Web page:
2. Needs of the Offender Population
Research has consistently shown that the rate of substance abuse and mental and physical health problems is much higher among the offender population than it is for the everyday person. While just under 2% of the general population is infected with hepatitis C (Centers for Disease Control and Prevention [CDC], 2007), roughly 31% of incarcerated populations are infected (Beck & Maruschak, 2004). While one tenth of 1% of the general population is HIV-positive (Glynn & Rhodes, 2005), 2% of inmates are infected with the virus (Maruschak, 2006). A majority of prisoners (56%) and jail inmates (64%) have mental health problems (James & Glaze, 2006), while 16% of prisoners, jail inmates, and probationers could be classified as mentally ill (Ditton, 1999). This is compared to estimates that approximately 10% of adults had some form of serious psychological distress in the past year (Substance Abuse and Mental Health Services Administration [SAMHSA], 2006). The offender population is also at a higher risk for other physical health problems, such as asthma and diabetes, and findings have also shown that offenders returning home following incarceration are subject to higher rates of fatality as a result of substance abuse and violence (Binswanger, Stern, & Deyo, 2007).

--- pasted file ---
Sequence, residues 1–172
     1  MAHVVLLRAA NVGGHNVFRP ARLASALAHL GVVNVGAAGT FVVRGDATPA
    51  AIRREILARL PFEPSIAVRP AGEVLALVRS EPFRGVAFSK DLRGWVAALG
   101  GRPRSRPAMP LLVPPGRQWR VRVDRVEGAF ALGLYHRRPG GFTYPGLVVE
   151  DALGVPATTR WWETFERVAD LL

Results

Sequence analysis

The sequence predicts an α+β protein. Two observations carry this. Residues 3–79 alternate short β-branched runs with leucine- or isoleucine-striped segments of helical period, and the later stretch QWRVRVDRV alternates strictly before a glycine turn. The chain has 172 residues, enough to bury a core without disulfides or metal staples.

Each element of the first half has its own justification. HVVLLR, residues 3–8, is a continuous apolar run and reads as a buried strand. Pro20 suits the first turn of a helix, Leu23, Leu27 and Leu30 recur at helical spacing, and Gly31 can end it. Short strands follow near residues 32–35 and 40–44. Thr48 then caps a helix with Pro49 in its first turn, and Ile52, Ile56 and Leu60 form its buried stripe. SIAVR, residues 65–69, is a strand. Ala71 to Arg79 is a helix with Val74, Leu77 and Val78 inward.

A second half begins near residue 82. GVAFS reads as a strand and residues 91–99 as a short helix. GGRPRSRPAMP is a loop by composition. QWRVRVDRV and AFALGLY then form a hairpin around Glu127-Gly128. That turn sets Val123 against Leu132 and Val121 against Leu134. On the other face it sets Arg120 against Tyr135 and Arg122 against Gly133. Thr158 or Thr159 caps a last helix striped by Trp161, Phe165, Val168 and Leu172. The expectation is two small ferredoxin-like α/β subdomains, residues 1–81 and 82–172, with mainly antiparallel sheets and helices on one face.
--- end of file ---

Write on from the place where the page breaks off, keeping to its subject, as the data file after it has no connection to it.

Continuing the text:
Less than 10% of adults in the general population have substance abuse or dependency problems (SAMHSA, 2006). However, studies conducted by the Bureau of Justice Statistics found that over 80% of prisoners reported past drug use (Mumola, 1999), while two thirds of those in jail classified themselves as regular drug users (Karberg & James, 2005), and roughly half of probationers reported regular drug use (Mumola & Bonczar, 1998). Overall, offenders are 4 times as likely to have a substance abuse problem (SAMHSA, 2006), yet recent studies have shown that the availability of comprehensive treatment service is low across all correctional settings (Taxman, Perdoni, & Harrison, 2007) and that less than 8% of adult offenders have access to the level of care that they need.
Dealing with the pronounced needs of the offender population has proven troublesome for the criminal justice system, but the enactment of legislation creating stiff penalties for drug-related offenses has only compounded these difficulties. The laws meant to deter potential offenders from drug use instead resulted in a massive influx of offenders into the justice system. The Bureau of Justice Assistance (BJA) Drug Court Clearinghouse and Technical Assistance Project found that over 83% of the offenders who were scheduled for release from prison had been involved in drugs or alcohol during the time of their offense.
To reduce the burden of drug offenses on the criminal justice system and in an effort to provide treatment in the hopes that it will aid in preventing offender recidivism and improve their quality of life, drug treatment courts have become a common institution in communities across the United States.